Original Research

Cross-domain online vigilance, boundary management and stress among knowledge workers

Liezel Conradie, Daniel B. le Roux, Douglas A. Parry
South African Journal of Business Management | Vol 54, No 1 | a3896 | DOI: https://doi.org/10.4102/sajbm.v54i1.3896 | © 2023 Liezel Conradie, Daniel B. le Roux, Douglas A. Parry | This work is licensed under CC Attribution 4.0
Submitted: 17 January 2023 | Published: 30 August 2023

About the author(s)

Liezel Conradie, Department of Information Science, Faculty of Arts and Social Science, Stellenbosch University, Stellenbosch, South Africa
Daniel B. le Roux, Department of Information Science, Faculty of Arts and Social Science, Stellenbosch University, Stellenbosch, South Africa
Douglas A. Parry, Department of Information Science, Faculty of Arts and Social Science, Stellenbosch University, Stellenbosch, South Africa

Abstract

Purpose: High levels of online media use and permanent connectedness are common features of contemporary life in the developed world. In recent studies, the concept of online vigilance has been adopted to describe individuals’ chronic attentional orientation towards and engagement with their online spheres. The present study extends this notion by investigating its role in relation to stress and boundary management.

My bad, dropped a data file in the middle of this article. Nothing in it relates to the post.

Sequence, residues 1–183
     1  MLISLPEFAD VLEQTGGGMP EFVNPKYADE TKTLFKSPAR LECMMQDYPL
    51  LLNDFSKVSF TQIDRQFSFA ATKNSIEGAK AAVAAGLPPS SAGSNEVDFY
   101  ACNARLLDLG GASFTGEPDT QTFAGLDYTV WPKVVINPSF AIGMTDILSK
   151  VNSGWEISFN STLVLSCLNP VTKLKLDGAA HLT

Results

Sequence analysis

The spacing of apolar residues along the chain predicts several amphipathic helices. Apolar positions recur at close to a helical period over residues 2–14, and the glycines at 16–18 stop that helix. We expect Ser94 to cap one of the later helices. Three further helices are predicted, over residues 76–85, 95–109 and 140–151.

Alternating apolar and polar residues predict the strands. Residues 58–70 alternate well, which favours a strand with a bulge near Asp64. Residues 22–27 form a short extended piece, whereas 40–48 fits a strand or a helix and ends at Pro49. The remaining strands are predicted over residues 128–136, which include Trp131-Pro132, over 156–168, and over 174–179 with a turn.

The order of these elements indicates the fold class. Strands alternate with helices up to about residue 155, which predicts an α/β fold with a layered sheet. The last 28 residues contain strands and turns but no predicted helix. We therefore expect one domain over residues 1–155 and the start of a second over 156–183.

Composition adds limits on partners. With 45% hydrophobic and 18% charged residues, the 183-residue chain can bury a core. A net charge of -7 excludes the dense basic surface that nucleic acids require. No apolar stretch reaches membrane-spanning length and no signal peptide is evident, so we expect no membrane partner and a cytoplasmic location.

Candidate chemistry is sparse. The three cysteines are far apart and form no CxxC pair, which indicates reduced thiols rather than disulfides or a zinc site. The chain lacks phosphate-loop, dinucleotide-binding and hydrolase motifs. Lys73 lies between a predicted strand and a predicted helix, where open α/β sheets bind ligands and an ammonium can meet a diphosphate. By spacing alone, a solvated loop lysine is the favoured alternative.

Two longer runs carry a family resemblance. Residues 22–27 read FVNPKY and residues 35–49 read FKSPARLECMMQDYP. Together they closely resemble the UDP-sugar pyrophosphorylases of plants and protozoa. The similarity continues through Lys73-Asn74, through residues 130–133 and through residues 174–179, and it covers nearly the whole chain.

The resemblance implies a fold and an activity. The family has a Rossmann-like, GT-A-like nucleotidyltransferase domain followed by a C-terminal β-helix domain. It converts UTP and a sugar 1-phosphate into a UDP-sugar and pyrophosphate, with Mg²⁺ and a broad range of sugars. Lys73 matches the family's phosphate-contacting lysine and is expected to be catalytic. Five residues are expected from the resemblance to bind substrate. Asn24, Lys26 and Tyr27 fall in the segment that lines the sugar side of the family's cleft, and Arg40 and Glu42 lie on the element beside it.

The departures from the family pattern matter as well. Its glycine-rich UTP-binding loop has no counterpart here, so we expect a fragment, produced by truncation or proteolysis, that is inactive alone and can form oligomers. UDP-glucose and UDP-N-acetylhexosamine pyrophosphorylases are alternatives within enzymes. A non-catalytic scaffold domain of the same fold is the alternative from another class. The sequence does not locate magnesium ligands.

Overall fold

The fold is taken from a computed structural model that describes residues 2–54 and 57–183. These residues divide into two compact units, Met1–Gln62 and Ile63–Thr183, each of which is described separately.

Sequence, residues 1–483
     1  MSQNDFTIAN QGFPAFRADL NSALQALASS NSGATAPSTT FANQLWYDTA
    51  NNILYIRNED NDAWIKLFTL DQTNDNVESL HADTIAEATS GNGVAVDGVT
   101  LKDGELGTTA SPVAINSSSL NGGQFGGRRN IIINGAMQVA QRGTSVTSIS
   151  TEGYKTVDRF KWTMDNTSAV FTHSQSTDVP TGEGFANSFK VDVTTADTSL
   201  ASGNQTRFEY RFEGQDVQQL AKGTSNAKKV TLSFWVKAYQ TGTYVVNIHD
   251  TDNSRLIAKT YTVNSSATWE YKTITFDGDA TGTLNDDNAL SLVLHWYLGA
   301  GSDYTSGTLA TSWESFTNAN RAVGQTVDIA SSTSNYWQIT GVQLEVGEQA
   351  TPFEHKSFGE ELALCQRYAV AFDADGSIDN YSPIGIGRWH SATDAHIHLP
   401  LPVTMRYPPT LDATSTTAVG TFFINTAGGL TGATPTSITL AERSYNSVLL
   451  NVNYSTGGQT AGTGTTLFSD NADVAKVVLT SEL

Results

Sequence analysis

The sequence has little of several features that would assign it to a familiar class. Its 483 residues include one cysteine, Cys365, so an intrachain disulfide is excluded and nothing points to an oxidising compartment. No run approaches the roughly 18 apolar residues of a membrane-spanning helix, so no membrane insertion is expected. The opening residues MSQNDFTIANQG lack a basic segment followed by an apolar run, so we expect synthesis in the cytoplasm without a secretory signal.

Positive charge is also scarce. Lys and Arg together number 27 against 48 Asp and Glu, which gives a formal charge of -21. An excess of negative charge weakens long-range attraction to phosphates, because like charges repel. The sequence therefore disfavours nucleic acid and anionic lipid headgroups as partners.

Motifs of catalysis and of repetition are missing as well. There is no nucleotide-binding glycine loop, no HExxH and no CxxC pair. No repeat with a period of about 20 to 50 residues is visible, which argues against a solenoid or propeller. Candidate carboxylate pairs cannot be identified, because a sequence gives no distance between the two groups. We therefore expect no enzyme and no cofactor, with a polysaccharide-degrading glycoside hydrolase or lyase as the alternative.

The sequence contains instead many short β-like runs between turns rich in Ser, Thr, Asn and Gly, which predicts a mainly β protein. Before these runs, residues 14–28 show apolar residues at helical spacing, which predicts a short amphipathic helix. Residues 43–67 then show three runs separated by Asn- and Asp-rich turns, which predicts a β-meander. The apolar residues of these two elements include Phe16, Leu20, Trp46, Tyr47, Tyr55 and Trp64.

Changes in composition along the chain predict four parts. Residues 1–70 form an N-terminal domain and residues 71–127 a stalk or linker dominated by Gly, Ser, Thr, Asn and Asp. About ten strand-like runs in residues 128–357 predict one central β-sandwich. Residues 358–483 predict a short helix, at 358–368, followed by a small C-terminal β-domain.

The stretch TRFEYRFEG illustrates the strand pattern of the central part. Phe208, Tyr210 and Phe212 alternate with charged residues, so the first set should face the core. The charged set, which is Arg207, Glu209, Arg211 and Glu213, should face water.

Design/methodology/approach: A sample of 299 knowledge workers completed an online survey concerning the role of cross-domain online vigilance in the blurring of work-personal boundaries and the potential impact this may have on perceived stress.

Findings/results: Contrary to extant evidence, the findings of this study indicate that cross-domain online vigilance does not predict stress, neither on its own nor when interacting with individuals’ domain segmentation preferences. However, the findings indicate that younger knowledge workers, more than their older colleagues, have trouble disconnecting from their personal online spheres while working.

Practical implications: Work communication policies and norms should enable workers to psychologically disconnect from work during non-working hours and should be sensitive to the differences in personal preferences for boundary segmentation. Constant psychological connection to personal online communication may impact performance among younger knowledge workers.

Originality/value: The present study is the first to consider the notion of online vigilance in relation to boundary management and stress among knowledge workers. The findings are particularly relevant given the increased blurring of work-personal boundaries that results from organisations adopting work-from-anywhere policies following the COVID-19 pandemic.


Keywords

online vigilance; boundary management; boundary blurring; perceived stress; knowledge workers; segmentation preferences.

JEL Codes

D83: Search • Learning • Information and Knowledge • Communication • Belief • Unawareness; M12: Personnel Management • Executives; Executive Compensation; O33: Technological Change: Choices and Consequences • Diffusion Processes

Sustainable Development Goal

Goal 3: Good health and well-being

Metrics

Total abstract views: 1041
Total article views: 1015

 

Crossref Citations

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